a CMM Institute initiative

Developing compassionate, caring and responsible citizens for better social worlds.

SOARing

SOAR means

“To fly or glide high in the air.
To rise suddenly above the normal level.”

SOAR contains the essence of what CosmoKidz is about. Young children learn through conversations and creative communication that it matters what we say and do, and how we say and do it. SOAR reminds children to be aware of this.

The SOAR song, rap version

In the evidence-gathering stage of the program teachers and children have shown great enthusiasm for this word and all it stands for. We actually know of one school that has become a SOARing school!

Here is what they have to say about it:

CosmoKidz can SOAR

They can sense what’s around them

And open their hands to help others

They act with kindness

And they show respect to other people

If you asked a CosmoKid, “How did you SOAR today?”

They would tell you that when they were at home…

“My sister didn’t have any candy so I gave her some of mine.”

“I opened the door for my dad and I acted with kindness.”

“My sister hit my cousin, so me and my sister talked.”

“I helped my mom clean the house.”

When they were at school, they would tell you…

“I can help Ms. Wells pick up papers.”

“I asked someone to draw with me.”

“I was quiet in class.”

“I let my friend borrow my pencil and crayons.”

“I helped my teacher make our test.”

When they are out playing, they would say….

“I helped my sister walk when she got a sticker in her foot.”

“When my friend wanted to play with my toys I said yes to my friend.”

“I helped someone that fell on the playground.”

“I went down the slide with my sister so she wasn’t scared.”

”I can open my hands to my sister and share my toys.”

And when you ask them what does it mean to SOAR?

“I am opening my hands to others.”

“I talk to others.”

“I acted with kindness by sharing my basketball.”

“I was acting with kindness. I was asking what was wrong.”

“Rely on your friends for help.”

“Respect other people by telling them that they are beautiful.”

“I showed respect by asking a friend to play with me.”

“Act with kindness. I shared my glider colors.”

SOAR means

“To fly or glide high in the air.
To rise suddenly above the normal level.”

SOAR contains the essence of what CosmoKidz is about. Young children learn through conversations and creative communication that it matters what we say and do, and how we say and do it. SOAR reminds children to be aware of this.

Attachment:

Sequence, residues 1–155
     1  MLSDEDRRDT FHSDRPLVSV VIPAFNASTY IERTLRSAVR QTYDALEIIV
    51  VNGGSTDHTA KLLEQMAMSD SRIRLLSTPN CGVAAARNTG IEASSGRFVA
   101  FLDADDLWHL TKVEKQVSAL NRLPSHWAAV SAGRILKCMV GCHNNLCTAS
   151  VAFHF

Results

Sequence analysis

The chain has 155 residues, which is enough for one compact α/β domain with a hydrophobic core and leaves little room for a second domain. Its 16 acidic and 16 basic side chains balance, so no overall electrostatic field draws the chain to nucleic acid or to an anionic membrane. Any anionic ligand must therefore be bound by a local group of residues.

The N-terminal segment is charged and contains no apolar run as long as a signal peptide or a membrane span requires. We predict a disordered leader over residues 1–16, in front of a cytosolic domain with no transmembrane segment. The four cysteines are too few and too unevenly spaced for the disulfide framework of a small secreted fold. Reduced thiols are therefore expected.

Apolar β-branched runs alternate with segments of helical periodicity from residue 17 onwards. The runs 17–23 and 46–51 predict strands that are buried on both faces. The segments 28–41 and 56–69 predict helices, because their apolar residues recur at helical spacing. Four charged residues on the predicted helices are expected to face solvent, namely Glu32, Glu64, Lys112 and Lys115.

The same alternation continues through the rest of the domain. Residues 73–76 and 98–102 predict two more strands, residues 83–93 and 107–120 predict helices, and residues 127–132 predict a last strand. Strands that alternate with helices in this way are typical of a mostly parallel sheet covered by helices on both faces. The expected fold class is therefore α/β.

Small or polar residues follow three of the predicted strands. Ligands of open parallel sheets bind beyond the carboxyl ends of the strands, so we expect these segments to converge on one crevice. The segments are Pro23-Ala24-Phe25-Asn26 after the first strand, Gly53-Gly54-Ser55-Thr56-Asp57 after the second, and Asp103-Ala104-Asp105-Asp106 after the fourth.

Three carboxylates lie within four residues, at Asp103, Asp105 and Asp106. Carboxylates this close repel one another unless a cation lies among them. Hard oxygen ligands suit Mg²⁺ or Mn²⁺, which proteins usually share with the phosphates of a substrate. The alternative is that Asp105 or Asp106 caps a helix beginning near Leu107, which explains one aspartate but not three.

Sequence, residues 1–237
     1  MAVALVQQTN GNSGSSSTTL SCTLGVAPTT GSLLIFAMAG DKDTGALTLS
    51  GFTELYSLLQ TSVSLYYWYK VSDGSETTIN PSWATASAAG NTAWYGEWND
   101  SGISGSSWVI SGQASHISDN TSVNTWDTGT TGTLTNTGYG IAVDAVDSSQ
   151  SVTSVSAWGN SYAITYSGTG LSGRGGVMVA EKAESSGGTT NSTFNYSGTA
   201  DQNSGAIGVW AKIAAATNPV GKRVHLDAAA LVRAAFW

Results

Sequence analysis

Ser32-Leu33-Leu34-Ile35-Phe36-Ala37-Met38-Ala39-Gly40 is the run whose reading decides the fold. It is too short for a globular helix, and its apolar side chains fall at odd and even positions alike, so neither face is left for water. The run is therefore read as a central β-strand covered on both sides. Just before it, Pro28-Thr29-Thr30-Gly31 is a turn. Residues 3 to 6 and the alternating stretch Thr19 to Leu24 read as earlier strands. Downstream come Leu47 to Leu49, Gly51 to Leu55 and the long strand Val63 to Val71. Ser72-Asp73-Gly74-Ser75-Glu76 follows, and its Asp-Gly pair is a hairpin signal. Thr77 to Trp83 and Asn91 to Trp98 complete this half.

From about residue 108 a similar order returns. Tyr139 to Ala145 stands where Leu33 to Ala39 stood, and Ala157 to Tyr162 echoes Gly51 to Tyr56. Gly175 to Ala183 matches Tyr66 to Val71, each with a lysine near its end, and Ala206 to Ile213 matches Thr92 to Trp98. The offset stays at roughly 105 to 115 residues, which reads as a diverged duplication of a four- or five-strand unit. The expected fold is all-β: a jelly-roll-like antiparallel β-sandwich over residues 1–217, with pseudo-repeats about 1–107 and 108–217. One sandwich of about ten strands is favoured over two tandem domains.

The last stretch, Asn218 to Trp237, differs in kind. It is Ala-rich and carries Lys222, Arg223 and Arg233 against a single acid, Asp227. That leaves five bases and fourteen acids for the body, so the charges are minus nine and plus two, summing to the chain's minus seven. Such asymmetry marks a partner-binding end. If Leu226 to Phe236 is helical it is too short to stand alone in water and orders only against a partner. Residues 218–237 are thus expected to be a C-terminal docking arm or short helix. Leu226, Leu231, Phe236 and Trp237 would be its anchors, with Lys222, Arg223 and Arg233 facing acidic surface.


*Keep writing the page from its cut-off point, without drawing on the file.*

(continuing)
In the evidence-gathering stage of the program teachers and children have shown great enthusiasm for this word and all it stands for. We actually know of one school that has become a SOARing school!

Here is what they have to say about it:

CosmoKidz can SOAR

They can sense what’s around them

And open their hands to help others

They act with kindness

And they show respect to other people

If you asked a CosmoKid, “How did you SOAR today?”

They would tell you that when they were at home…

“My sister didn’t have any candy so I gave her some of mine.”

“I opened the door for my dad and I acted with kindness.”

“My sister hit my cousin, so me and my sister talked.”

“I helped my mom clean the house.”

When they were at school, they would tell you…

“I was quiet in class.”

”I let a new student use my pencil.”

“I can help Ms. Wells pick up papers.”

“I let my friend borrow my pencil and crayons.”

“I asked someone to draw with me.”

“I helped my teacher make our test.”

When they are out playing, they would say…

“I helped someone that fell on the playground.”

“I helped my sister walk when she got a sticker in her foot.”

I went down the slide with my sister so she wasn’t scared.”

“When my friend wanted to play with my toys I said yes to my friend.”

”I can open my hands to my sister and share my toys.”

And when you ask them what does it mean to SOAR?

“I am opening my hands to others.”

“Rely on your friends for help.”

“Respect other people by telling them that they are beautiful.”

“I talk to others.”

“I showed respect by asking a friend to play with me.”

“I acted with kindness by sharing my basketball.”

“Act with kindness. I shared my glider colors.”

“I was acting with kindness. I was asking what was wrong.”

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